Savings bonds can be used as a savings tool in your financial portfolio. Savings bonds are low-risk products that can be purchased in either paper or electronic form. Learn more about I Bonds, and Series EE savings bonds, and what they have to offer as a financial tool.
EE Savings Bonds replaced the Series E Bonds long associated with World War II. At that time, they were presented to the public as a way to aid the war, and these ‘war bonds’ were promoted with posters, some of which can be found in museums.
The EE Patriot Bond, in the same manner, was first issued on December 11, 1991, the three-month anniversary of the September 11 terrorist attacks. The proceeds from these bonds go to the government’s fight against terrorism.
EE Bonds can be purchased in electronic or paper versions. Bought electronically, EE bonds are sold at face value, meaning a $50 bond costs $50. They can be bought at $25 increments up to a $5,000 yearly limit. These EEs are worth full value when they are ready for redemption. They can be purchased online, at most financial institutions-banks and credit unions, and through payroll deduction plans at participating employers.
Paper EE Bonds, however, are bought at half their face value-$25 for a $50 bond-but they don’t reach their face value until they’ve matured. If you have paper bonds, they can be converted into electronic bonds at TreasuryDirect, www.treasurydirect.gov.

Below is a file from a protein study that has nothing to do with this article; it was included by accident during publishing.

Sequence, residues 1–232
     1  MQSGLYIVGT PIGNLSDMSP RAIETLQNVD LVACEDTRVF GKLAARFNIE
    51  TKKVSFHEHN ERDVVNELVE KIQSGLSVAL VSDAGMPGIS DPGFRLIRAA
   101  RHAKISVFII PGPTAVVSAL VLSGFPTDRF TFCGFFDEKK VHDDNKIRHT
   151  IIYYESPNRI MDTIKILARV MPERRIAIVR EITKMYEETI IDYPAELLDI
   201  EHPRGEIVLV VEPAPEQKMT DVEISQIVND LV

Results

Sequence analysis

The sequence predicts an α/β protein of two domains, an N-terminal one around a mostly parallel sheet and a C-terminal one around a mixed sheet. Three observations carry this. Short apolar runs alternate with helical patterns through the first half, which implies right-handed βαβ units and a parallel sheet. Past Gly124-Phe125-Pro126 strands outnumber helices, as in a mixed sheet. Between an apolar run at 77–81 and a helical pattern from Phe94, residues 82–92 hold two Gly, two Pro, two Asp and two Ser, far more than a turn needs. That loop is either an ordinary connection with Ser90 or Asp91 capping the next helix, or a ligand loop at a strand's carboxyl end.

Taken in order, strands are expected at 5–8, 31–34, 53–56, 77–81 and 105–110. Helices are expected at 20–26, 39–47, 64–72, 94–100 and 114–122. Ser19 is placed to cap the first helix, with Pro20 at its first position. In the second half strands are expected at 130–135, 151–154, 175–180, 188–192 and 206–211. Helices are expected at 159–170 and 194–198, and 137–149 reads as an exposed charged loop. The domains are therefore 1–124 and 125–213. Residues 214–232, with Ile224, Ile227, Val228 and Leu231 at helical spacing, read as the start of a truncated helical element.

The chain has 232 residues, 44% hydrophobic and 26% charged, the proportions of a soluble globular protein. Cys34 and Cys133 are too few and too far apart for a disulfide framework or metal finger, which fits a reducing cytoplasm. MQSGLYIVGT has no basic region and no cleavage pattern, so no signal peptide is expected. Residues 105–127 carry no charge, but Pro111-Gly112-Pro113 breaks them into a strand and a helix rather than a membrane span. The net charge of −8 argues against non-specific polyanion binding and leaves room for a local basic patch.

Interest on EE bonds purchased after May 1, 2005 is fixed; bonds purchased before that date earn interest based on 5-year Treasury security yields, and therefore, vary. EE Bonds redeemed within the first five years will face a forfeiture of three months’ interest; after five years, there is no penalty.
Individuals, corporations, and organizations can own paper Series EE bonds. As of April 2009, individuals and some organizations can own electronic bonds.
To find out the current value of your bonds, visit www.treasurydirect.gov/instit/savbond/price/price.htm
The I Bond, or Inflation Indexed Bond, is sold at face value-you pay $50 for a $50 bond-and are sold in denominations of $50, $75 $100, $200, $500, $1,000, and $5,000. They earn interest for up to 30 years, the interest being added monthly, and compounded twice a year.
I Bonds are exempt from state and local income tax, and are federal tax deferred until they are cashed or reach the 30-year date and stop earning interest. These bonds must be held for five years before cashing, or a three-month interest penalty will be applied. After the five years, no penalty applies when cashing.
I Bonds, like EE Bonds, can be purchased in both paper and electronic forms, and a $5,000 yearly limit applies.
Having an account at TreasuryDirect (www.treasurydirect.gov/indiv/myaccount/myaccount_treasurydirect.htm) allows you to purchase, manage and redeem bonds online, as well as convert paper bonds into electronic bonds.
If you have a social security number, you can own a Savings Bond, if you: are a resident of the United States; are a citizen of the United States living abroad, but have a US address; are a civilian employee of the United States. Minors may also own savings bonds.
You may also buy savings bonds as gifts; they do not count against your yearly limit when purchased for this reason.
US Department of the Treasury www.treas.gov/offices/treasurer/savings-bonds.shtml
Treasury Direct www.treasurydirect.gov